Musicians are often perceived as having a special gift that sets them apart from the rest of us. And while it's true that many musicians have a natural aptitude for their craft, there is also a great deal of hard work and dedication to becoming a proficient player.

One area where musicians often seem to have an advantage in developing their fine motor skills. A quick Google search will reveal countless articles and blog posts with titles like "Do Piano Players Have Better Hand-Eye Coordination?" But what does the research say about the relationship between Pianos and hands?

If you plan to learn piano playing, you will probably hear about Piano hands vs. Normal hands. However, there is no such thing as piano hands precisely when it comes to piano playing; individuals with average-sized hands can play piano.

On the other hand, piano hands can mean the well-developed hands of professional pianists. This can be achieved with the proper position of the fingers and increasing finger strength.

Here is all that you need to know about the hands of piano players and how these can differ from non-pianists hands.

Average hand sizes and the gender differences

At the 12th Australasian Piano Pedagogy Conference in 2015, Rhona Boyle and 2 other researchers presented a study of 473 pianists' hand spans. A hand span is a distance between your index finger and thumb when your hand is extended.

According to the study, the hands' span was categorized based on race and gender. It is also related to hand strength. Following is the list made by Boyle.

  • The average hand sizes of Caucasian males can range from 9 cm to 22 cm
  • The average hand size of Asian males can range from 8.7 cm to 22 cm.
  • For Caucasian females, the average hand size can range from 8 cm to 20 cm.
  • The average hand sizes of Asian female pianists can range from 6.2 cm to 15.8 cm.

Thus, the hand sizes differ based on gender and race. However, hand span usually only affects playing the piano. The only factor you will find necessary is finger flexibility to play the entire octave.

For women with smaller hand spans, it becomes difficult playing complicated pieces. Nevertheless, there are sever more factors important than hand span when it comes to playing the piano.

Playing the piano with consistent practice and improving hand play.

You will need to develop your hand muscles when playing piano to ensure you can play faster. Pianists' hands need practice like musicians' vocal cords to be developed. Here is what you need to know about hand position when you learn to play the piano:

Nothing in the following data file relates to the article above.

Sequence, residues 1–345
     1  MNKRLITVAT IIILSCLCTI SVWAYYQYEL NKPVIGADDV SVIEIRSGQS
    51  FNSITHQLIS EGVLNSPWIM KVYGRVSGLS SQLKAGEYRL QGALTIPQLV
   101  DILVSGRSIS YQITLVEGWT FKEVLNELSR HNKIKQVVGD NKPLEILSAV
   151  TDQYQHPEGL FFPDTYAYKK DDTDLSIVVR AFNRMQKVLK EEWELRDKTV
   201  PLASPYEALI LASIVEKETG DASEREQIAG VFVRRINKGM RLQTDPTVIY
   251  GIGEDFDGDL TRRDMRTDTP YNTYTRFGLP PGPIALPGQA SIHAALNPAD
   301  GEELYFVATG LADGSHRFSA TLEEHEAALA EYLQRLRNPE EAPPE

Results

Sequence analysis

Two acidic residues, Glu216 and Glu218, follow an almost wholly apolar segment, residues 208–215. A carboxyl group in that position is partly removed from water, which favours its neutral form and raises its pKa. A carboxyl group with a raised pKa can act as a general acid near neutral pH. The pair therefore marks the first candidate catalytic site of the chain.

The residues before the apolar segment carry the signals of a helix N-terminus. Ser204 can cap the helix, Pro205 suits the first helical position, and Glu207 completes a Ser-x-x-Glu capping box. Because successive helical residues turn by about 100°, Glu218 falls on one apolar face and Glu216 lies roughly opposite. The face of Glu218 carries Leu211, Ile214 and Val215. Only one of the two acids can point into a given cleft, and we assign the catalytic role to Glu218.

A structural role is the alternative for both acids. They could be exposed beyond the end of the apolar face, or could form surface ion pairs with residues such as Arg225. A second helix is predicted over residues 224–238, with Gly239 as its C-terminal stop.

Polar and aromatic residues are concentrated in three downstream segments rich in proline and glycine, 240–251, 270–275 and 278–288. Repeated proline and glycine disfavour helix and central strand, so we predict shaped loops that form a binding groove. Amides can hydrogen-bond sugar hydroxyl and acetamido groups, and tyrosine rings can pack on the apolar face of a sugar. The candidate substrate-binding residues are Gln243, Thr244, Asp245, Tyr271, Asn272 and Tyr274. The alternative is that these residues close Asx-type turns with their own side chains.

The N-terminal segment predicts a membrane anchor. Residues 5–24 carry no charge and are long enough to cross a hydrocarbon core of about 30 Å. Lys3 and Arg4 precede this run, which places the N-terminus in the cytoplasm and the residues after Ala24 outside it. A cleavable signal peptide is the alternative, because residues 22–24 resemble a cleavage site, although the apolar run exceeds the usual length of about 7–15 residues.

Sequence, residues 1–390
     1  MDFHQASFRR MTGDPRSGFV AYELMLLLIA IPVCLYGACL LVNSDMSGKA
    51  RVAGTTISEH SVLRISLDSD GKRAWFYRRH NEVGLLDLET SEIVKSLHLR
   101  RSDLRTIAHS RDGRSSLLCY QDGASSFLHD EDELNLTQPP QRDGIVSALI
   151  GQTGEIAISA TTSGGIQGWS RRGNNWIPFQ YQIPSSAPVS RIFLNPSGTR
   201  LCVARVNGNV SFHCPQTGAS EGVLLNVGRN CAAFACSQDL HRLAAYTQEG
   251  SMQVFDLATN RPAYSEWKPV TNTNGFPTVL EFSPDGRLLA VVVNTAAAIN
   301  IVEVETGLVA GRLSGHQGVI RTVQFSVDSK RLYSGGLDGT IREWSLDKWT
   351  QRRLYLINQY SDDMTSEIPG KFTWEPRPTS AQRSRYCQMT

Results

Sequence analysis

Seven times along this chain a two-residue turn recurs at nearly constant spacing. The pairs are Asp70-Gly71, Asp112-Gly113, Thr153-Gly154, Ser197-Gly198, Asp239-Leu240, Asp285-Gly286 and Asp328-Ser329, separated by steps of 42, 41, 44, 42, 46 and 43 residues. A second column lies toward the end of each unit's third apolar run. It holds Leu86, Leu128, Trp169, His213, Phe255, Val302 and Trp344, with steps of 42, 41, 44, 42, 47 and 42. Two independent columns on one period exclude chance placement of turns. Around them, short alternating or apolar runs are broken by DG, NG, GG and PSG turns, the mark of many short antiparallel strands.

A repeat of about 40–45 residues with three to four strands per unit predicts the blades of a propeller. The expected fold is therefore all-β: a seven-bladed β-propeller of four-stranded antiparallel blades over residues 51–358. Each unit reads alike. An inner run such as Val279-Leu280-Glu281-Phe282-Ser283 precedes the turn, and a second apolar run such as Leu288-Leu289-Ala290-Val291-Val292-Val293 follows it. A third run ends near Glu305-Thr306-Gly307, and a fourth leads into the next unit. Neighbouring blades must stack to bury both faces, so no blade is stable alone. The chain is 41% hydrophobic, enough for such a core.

Length of fingers

The finger strength often depends on the length of the fingers. Most pianists have long piano fingers, which helps them while playing piano. Pianists have longer fingers than nonpianists; this enables them to reach specific notes on the piano with ease and fluidity.

Sometimes they also use their index fingers to cover up certain sounds to prevent the sound from becoming too harsh or sour.

The curvature of the wrist

Pianists learn to use their middle and middle fingers equally while playing piano. You will find that even with smaller hands and ranges, pianists' wrists are curved, whereas nonpianists are straight.

This allows them to make quick changes and play them faster. Even with larger hands, a pianist needs to have highly developed muscles on the wrist and even learn to bend backward while playing the piano.

Wrist and finger coordination

A pianist's fingers must have better coordination with his wrist than a nonpianist's hand. The fingers, be it the fourth fingers, his thumb on his right or left hand, should work together.

The piano player's hands play most piano music, and the fingers have to work in coordination with the wrist.

When you compare female hand sizes and child prodigies' hand spans, you will find that they have smaller hands than the ideal hand side.

However, they still play piano faster or even play most composers' music. It would help if you did not think that larger hands and longer fingers make piano playing easier. To play the piano with expertise, you need to practice playing piano music.

Ideal hand size and hand positions - Choice of Repertoire Limit One's Playing Capability

This might seem contrary to the opinion already made because, as mentioned earlier smaller hand span does not mean you cannot play certain pieces. However, racing all the keys of the octave with your right hand can be challenging if you do not have a large hand span. Hence, sometimes you should consider playing music that is ideal for shorter fingers. Here are some factors that you need to consider if you have shorter fingers:

  • You must choose simple pieces if you have short fingers and average hands. You can play great music. A pianist's hand needs to be coordinated with his fingers, eyes, ears, and brain. A pianist's and a nonpianist's hand does not differ in appearance.